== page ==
SEATTLE — No one could have possibly known the powers within its walls when a new downtown Seattle sports facility, originally called Seahawks Stadium, opened its doors on Sept. 15, 2002.
Call it Kryptonite. Sensory overload. A four-hour virus. Something gets into opposing teams when they walk into the facility that came to be known as Qwest Field and then CenturyLink Field. Sometimes it feels like words can’t even describe the effect.
But no one could have known that back then.
When the Seattle Seahawks played their first official game at the facility more than a decade ago, it was the Seahawks themselves who seemed out of their element. An underachieving running back named Thomas Jones torched the Seattle run defense for 173 yards, leading an Arizona Cardinals team that eventually finished with a 5-11 record to a 24-13 win over the Seahawks. Seattle went on to lose three of its next four games at Seahawks Stadium.
Then the mojo changed. Since its inaugural season, the facility has been the best thing that’s happened to Seahawks football. Seattle has a 51-25 record there since 2003, good for a .671 winning percentage — which nearly mirrors the franchise’s abysmal road record of 26-52 during the same span.
And if that wasn’t enough to prove the powers of what is now CenturyLink Field, just look at what the place has done for University of Washington football and the Seattle Sounders. The Seahawks, Sounders and Huskies teams have a combined home record of 19-5-3 this season.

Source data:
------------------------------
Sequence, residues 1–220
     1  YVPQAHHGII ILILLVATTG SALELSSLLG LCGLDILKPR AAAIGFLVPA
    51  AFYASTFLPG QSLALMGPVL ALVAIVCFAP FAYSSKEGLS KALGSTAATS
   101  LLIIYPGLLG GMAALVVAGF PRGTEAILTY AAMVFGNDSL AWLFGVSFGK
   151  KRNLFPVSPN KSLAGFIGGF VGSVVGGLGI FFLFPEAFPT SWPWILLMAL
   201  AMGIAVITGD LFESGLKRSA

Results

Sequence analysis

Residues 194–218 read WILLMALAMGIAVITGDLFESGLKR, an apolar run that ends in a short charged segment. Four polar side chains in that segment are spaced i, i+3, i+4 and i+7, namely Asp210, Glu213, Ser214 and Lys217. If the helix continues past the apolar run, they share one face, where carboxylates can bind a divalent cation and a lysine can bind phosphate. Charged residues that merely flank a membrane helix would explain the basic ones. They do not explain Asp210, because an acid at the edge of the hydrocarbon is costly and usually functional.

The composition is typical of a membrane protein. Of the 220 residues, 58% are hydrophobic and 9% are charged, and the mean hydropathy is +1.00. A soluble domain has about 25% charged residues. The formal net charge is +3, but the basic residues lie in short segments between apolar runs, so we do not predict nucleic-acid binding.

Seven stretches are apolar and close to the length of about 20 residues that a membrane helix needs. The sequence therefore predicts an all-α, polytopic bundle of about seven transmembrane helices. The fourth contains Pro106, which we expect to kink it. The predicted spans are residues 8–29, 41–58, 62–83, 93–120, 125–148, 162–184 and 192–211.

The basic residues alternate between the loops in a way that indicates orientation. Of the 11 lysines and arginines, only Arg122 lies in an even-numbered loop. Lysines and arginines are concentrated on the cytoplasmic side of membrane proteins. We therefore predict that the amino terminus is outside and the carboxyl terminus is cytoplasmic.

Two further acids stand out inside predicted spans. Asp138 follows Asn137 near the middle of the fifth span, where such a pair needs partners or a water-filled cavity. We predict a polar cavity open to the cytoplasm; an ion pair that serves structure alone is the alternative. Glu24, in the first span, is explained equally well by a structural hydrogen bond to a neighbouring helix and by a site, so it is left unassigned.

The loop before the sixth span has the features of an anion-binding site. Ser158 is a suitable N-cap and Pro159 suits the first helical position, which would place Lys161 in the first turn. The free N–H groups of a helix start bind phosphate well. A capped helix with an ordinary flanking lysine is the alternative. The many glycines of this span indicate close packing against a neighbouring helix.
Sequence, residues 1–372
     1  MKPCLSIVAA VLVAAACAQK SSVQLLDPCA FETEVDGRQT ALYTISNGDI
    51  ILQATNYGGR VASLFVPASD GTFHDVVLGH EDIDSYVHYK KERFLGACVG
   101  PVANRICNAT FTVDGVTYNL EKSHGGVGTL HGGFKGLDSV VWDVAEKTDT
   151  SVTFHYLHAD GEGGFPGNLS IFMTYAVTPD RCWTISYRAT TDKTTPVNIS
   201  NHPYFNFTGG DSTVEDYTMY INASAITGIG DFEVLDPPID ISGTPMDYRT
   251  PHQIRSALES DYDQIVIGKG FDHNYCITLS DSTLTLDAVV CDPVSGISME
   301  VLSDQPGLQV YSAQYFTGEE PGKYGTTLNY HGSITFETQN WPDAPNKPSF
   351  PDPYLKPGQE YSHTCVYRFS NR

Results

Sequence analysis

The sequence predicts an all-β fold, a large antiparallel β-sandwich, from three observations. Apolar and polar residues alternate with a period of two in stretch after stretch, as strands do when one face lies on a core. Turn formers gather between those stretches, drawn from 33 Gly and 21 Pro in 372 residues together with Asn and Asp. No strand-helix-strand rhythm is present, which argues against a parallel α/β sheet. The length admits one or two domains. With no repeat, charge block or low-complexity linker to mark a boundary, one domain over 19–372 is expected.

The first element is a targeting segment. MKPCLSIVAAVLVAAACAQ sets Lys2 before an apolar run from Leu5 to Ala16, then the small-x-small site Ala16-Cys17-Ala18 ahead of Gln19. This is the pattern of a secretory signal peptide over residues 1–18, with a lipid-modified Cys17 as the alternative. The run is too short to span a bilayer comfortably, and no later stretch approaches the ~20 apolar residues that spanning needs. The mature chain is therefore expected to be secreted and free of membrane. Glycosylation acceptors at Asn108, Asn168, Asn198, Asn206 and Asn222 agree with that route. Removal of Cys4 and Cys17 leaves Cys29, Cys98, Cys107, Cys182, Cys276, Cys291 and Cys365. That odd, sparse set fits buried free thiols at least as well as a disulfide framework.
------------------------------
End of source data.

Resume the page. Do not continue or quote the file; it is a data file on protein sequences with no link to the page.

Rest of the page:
The Huskies have won five of six games played at CenturyLink, dating back to last season’s Apple Cup, and two of UW’s past three trips to the downtown facility have resulted in upsets of top-10 teams.
The fans, with a 12th Man nickname borrowed from Texas A&M, have relished their role as antagonizing hosts, and yet that’s not the only thing that has tripped up the opposition in recent years.
Dig a little deeper, and CenturyLink seems to have a stronger, almost magical, effect on players and teams. Stanford’s Josh Nunes and Oregon State’s Sean Mannion looked like they were playing quarterback for the first time in recent visits, and Minnesota Vikings quarterback Christian Ponder managed just 63 passing yards in Sunday’s loss to the Seahawks.
In perhaps the most famous game ever played at the facility, Carolina Panthers quarterback Jake Delhomme threw three interceptions in the NFC Championship contest after the 2005 season. How could a field that’s 100 yards long and 531/2 yards wide — just like all the rest — have such an effect on opposing passers? It’s not just because of the acoustics.
CenturyLink is seen as one of the least friendly environments for road NFL teams, and yet the stadium seems to be loved by all.
“Probably the most fun I have anywhere on the road, playing there,” Arizona Cardinals receiver Larry Fitzgerald told the Arizona Republic last year. “They have a distinct home-field advantage, and when you walk out of that tunnel and they come out of there with the bird and the flags and stuff, you know you are in a hostile environment.”